Encore Studio's mission statement promises to "communicate, through the performing arts, a challenging and authentic message about disability and culture." In Lost Track, which addresses bipolar disorder, the company lives up to this claim in every detail.
The cast is diverse. The audience was diverse. And KelsyAnne Schoenhaar and Wendy Prosise's smart, sensitive and nuanced writing cultivates greater understanding of bipolarity and, perhaps more importantly, of society's reactions to it. Co-directors Schoenhaar and Cara E. Peterson craft a thought-provoking production, sprinkled with moments of wit, about life with this brain condition.
The story is about Danny (Leah Steele), who discovers she has bipolar disorder as a young adult. The plot traverses five of Danny's bipolar episodes, with the help of filmed scenes that give context to the events that repeatedly land her in the hospital. Danny's vulnerability is palpable.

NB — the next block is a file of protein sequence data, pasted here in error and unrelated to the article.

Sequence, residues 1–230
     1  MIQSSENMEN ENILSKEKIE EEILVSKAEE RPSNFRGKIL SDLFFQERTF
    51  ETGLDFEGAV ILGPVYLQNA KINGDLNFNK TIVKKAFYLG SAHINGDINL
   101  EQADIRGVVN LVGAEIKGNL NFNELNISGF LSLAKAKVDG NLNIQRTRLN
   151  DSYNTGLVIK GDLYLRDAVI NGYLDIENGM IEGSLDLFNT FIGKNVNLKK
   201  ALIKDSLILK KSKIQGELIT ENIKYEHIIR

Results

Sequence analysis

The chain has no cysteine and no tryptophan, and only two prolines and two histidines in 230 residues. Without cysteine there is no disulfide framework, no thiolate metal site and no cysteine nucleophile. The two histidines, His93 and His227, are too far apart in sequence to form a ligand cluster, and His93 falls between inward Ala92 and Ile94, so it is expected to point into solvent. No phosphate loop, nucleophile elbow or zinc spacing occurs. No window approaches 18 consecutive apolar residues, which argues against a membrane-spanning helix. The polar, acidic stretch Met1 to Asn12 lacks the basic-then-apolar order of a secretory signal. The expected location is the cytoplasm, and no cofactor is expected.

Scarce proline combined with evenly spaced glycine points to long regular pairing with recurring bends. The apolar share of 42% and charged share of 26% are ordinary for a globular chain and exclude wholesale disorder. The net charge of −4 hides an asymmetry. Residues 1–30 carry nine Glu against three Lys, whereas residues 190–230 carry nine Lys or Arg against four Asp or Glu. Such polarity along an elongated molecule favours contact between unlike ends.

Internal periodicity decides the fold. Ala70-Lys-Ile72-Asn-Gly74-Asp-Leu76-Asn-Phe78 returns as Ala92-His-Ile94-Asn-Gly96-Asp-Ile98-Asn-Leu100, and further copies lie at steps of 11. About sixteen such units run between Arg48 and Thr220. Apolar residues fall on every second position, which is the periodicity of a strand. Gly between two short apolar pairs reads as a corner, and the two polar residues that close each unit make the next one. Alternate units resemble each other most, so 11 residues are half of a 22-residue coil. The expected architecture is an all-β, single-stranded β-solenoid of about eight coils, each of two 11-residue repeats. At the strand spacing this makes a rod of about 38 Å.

Lost in a fugue state, she wanders into situations where she could get seriously hurt, and even when she is well, she fears that another episode might strike. Her vulnerability also colors her experiences in medical institutions, where diagnosis is often an educated guess and the side effects of medication another frightening unknown.
Danny's attacks are often characterized by her hypersensitivity to the world's problems. "I could feel the pain of Mother Earth," she says, while behind her video of despoiled landscapes suggests that this feeling is in fact not so "crazy."
The actors with Encore Studio perform with professionalism and vigor. In particular, Robin Parks walks the line between hilarious and disturbing in her portrayal of Danny's psychiatrist, the dubious Dr. Evall.
Lost Track shows the potential of theater to make a difference in the community. Encore, indeed.